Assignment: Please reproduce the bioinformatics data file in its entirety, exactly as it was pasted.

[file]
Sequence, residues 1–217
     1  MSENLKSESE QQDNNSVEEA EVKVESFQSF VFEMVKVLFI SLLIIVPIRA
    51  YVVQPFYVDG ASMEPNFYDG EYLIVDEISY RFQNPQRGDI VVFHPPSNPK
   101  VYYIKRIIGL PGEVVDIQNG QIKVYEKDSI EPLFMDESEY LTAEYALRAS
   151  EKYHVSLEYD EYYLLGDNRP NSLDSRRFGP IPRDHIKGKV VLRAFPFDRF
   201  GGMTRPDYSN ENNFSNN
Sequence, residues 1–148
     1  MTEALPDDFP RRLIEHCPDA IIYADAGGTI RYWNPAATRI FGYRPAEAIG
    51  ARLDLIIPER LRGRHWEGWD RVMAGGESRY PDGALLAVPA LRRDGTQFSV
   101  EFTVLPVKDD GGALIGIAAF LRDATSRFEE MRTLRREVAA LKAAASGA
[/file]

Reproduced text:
Sequence, residues 1–217
     1  MSENLKSESE QQDNNSVEEA EVKVESFQSF VFEMVKVLFI SLLIIVPIRA
    51  YVVQPFYVDG ASMEPNFYDG EYLIVDEISY RFQNPQRGDI VVFHPPSNPK
   101  VYYIKRIIGL PGEVVDIQNG QIKVYEKDSI EPLFMDESEY LTAEYALRAS
   151  EKYHVSLEYD EYYLLGDNRP NSLDSRRFGP IPRDHIKGKV VLRAFPFDRF
   201  GGMTRPDYSN ENNFSNN
Sequence, residues 1–148
     1  MTEALPDDFP RRLIEHCPDA IIYADAGGTI RYWNPAATRI FGYRPAEAIG
    51  ARLDLIIPER LRGRHWEGWD RVMAGGESRY PDGALLAVPA LRRDGTQFSV
   101  EFTVLPVKDD GGALIGIAAF LRDATSRFEE MRTLRREVAA LKAAASGA